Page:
I’d buy the argument its a culture that lives in high rises, before ideology, politics and corruption. Maybe trends are changing, as you state, but the numbers Tesla needs to sell are far from materializing, and that sounds like a recognition factor. There are no sales upon which a trend can take shape!

          Full disclosure: I am not from China

    6. kubel says:

      That would make sense, if only China was communist. It’s only communist by name.

      1. abc123 says:

        Exactly! It’s still a communist government though so they can authoritatively put the foot down whenever they feel like it.

        As of today, if you visit Shanghai you wouldn’t even realize you’re in a communist country. They have all the brands and storefronts that we have here. You see communist people buying things in those stores. If it were true communist like back in the late 50’s, everything would be state run and everybody would be wearing the same clothes… not one single person would be able to own more than the next.

        If you ran a manufacturing business that sells goods at western prices but paid the workers pennies a day, you would be rich too. Where’s the corruption in that? All I see is a human rights issue…But this China, they have different views on human rights.

        Ever since Deng Xiaoping opened the country up, China has become a changed nation.

        1. Mikael says:

          Different views on human rights compared to who and what country?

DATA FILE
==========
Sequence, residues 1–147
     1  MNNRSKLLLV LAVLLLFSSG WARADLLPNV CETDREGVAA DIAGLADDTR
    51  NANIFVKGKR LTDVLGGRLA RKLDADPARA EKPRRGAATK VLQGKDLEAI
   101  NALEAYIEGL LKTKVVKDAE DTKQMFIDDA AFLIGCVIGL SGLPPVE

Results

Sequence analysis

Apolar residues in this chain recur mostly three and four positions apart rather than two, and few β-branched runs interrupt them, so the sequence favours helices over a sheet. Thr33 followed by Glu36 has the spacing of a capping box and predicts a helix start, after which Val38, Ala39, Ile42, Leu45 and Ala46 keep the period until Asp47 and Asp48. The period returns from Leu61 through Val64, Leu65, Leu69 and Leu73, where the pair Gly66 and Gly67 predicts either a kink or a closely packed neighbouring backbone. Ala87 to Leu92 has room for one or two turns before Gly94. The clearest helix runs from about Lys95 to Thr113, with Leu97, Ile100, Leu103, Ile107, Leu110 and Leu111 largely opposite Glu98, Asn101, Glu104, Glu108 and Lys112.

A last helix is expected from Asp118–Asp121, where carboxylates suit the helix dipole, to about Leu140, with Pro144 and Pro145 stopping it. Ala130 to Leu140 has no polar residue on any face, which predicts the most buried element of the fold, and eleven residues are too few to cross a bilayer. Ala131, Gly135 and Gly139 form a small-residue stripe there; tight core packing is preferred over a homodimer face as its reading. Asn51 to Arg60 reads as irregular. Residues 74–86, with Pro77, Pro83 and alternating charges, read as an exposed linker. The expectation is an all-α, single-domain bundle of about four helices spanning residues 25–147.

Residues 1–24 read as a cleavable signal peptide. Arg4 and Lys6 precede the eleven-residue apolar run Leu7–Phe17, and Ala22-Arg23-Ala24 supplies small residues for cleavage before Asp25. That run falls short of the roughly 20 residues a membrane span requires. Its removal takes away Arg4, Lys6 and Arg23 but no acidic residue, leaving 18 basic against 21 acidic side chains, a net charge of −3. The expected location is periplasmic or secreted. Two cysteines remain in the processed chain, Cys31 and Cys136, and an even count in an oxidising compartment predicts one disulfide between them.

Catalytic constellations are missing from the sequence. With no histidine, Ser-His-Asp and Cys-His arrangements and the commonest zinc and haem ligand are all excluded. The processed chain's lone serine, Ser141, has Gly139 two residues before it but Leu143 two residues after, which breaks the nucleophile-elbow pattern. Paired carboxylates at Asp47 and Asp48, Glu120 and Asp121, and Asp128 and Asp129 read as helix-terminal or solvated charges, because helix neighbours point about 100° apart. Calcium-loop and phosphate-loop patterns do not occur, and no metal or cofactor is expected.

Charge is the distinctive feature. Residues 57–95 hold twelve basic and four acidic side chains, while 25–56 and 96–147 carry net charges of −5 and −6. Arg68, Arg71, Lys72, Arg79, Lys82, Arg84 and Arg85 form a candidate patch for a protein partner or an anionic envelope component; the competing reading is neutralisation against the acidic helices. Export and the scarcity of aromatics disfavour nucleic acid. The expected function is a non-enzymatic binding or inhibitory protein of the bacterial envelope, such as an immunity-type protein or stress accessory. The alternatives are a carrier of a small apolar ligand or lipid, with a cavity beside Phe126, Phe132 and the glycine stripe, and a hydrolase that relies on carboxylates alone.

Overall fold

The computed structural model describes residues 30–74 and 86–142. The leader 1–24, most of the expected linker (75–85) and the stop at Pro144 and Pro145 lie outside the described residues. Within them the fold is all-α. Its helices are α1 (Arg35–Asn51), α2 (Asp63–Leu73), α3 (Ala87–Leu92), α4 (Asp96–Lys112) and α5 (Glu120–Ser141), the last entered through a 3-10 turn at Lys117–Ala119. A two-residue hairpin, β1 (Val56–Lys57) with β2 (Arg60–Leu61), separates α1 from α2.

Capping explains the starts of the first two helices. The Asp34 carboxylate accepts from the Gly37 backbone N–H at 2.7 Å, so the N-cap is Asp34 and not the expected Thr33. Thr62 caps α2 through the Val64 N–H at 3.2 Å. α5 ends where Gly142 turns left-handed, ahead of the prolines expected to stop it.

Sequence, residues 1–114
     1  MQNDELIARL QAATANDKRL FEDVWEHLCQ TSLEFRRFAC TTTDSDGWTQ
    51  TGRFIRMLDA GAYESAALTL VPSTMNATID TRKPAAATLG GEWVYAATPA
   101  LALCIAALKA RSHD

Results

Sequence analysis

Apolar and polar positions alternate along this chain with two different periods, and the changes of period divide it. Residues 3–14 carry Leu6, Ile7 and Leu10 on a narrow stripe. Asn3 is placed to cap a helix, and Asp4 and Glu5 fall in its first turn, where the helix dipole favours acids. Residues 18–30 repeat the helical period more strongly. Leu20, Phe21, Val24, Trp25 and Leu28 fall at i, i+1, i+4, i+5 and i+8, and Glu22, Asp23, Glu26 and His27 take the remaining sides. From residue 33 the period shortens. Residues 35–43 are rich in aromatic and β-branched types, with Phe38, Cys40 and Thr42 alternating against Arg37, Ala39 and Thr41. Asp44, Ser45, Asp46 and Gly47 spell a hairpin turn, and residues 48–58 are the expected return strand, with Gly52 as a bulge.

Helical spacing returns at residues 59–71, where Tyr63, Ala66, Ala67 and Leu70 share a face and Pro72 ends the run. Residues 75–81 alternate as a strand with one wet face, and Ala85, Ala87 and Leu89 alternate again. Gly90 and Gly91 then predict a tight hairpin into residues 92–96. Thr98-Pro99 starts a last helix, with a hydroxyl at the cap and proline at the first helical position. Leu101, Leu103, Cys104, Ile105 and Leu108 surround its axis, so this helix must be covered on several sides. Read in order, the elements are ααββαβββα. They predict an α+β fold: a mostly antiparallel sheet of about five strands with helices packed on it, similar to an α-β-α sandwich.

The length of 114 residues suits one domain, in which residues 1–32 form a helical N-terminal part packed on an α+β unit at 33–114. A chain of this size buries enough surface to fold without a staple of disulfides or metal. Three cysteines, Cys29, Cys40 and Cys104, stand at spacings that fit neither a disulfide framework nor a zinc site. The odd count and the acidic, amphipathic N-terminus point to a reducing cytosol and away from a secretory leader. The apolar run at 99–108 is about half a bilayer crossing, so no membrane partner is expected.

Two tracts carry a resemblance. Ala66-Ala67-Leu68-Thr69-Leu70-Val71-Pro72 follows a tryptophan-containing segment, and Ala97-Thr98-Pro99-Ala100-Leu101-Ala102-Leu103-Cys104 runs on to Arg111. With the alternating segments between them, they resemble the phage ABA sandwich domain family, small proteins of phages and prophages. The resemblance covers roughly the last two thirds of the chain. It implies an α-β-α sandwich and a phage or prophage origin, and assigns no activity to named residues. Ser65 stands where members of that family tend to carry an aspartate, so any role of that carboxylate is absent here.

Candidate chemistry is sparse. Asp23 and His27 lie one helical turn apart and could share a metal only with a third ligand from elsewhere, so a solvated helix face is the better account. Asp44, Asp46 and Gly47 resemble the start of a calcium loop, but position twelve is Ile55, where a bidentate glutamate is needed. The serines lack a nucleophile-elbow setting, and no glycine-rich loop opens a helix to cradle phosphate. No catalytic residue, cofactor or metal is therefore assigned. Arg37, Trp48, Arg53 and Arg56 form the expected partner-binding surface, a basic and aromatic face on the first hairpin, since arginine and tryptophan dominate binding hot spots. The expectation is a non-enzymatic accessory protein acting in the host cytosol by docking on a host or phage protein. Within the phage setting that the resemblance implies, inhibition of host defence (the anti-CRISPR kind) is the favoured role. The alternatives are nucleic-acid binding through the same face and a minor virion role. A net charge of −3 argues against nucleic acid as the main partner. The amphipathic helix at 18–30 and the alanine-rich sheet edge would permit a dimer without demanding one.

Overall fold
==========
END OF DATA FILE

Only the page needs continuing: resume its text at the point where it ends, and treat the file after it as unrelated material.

2. Londo Bell says:

          “As of today, if you visit Shanghai you wouldn’t even realize you’re in a communist country.”

          “Where’s the corruption in that?”

          Using the same logic – one would also think that using hemp is legal everywhere in the US, or capital punishment is an enforceable legal ruling in every US States, simply by visiting Berkeley, California.

          You will need to learn how the central government and local government works with AND against each other in China, in order to understand the whole situation regarding how China’s economy and corruption go hand-in-hand.

    7. Timj says:

      You are wrong. Over 5% can afford it.
      Tesla is not expensive in china.cheaper than Ford F150

  7. Chris O says:

    I read an analysis that suggests that Tesla’s clientele mostly lives in apparent buildings and that a Kafkaesque bureaucracy makes it very hard to get charging equipment installed in/near those buildings.

    Firing executives is not going to solve that problem, offering an alternative like battery swapping might.

    1. PVH says:

      Read this article too, was making sense.

  8. Michael says:

    The Chinese customers who can afford this are also accustomed to long wheel base models when buying luxury sedans.

    They frequently have drivers, so extra space in the back is a very big deal, both for personal comfort and prestige.

    Maybe the take rate would be relatively small, but to not even have an extended version on offer is a big mistake, in my opinion.

    If I were building a luxury sedan for the Chinese market, you can bet I’d have limousine size back seats available, and I’d spend a lot making sure the back seats are better in some ways than the front in that version.

  9. Ahldor says:

    I think there has to be something more to the story than executives that don’t produce results. I don’t know what freedom they have, but one thing that could be limiting for the Tesla boss in China is Tesla’s ban of advertising.